Disability Tax Credits For Children With ADHD
Disability Tax Credits have long been available for both children and adults living with a disability in Canada. However, it was only in the past few years that children with Attention Deficit Hyperactivity Disorder (ADHD/ADD) have been able to qualify for the tax credit program. Not all children with ADHD will qualify, but a fair number of them now do. Read our guide to get more information about Disability Tax Credits for Children with ADHD.
What Exactly is ADHD?
Attention Deficit Hyperactivity Disorder (known commonly as ADD or ADHD) affects both children and adults, and estimates suggest that at least 300,000 Canadians are diagnosed with ADHD each year. This very common disorder can impede development and impair social function in those affected. Which is why – depending on the individual’s symptoms – they are frequently able to claim the Disability Tax Credit.
Essentially, ADHD interferes with the learning process, impedes social and cognitive development, and can be a precursor to a variety of other conditions. Depending on the patient’s behaviour, ADHD can be put into one of the following three categories:
- Inattention – easily distracted by noise or activity, day dreaming, inability to pay attention to or complete tasks, inability to focus on the person speaking during conversations, impaired self-control
- Hyperactivity – difficulty sitting still, constant fidgeting, talking too much – even when it’s inappropriate, constantly on the go.
- Impulsivity – self-control issues (interrupting others or shouting out answers in a classroom setting), purposely disturbing others, hitting other people, making impulsive decisions.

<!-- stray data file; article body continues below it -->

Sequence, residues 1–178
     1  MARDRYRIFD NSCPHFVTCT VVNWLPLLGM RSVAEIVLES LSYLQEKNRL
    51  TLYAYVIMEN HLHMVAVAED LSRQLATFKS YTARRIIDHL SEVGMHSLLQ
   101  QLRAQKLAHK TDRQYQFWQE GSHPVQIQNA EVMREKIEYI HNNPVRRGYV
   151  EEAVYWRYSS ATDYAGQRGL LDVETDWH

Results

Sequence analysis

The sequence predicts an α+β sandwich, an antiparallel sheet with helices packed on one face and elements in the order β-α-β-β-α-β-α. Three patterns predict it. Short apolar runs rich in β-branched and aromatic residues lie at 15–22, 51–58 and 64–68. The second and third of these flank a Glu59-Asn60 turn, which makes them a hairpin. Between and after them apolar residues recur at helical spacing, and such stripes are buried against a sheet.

And on top of being part of one of these three categories, people with ADHD can also suffer from other mental conditions such as anxiety disorders, depression, learning disabilities and behavioural and conduct disorders.
When these conditions cause prolonged impairment and marked restrictions on the child’s day-to-day life activities, the child may be eligible for the Disability Tax Credit. In most of these child cases, ADHD would impede the ability to work or perform in school.
Which Cases of ADHD are Eligible for the Disability Tax Credit?
Because ADHD can vary significantly in its effects on people, it is important to get a proper diagnosis from your child’s general practitioner, or a psychologist if need be. In order to qualify for the Disability Tax Credit, the Canada Revenue Agency (CRA) states that the disability must meet the following requirements:
- The child must have a severe mental or physical impairment.
- The impairment must affect the child 90% or more of the time.
- The impairment must be prolonged (lasting for more than 12 months).
- A medical practitioner must certify that the above is true – in some cases a full medical and psychological exam will take place.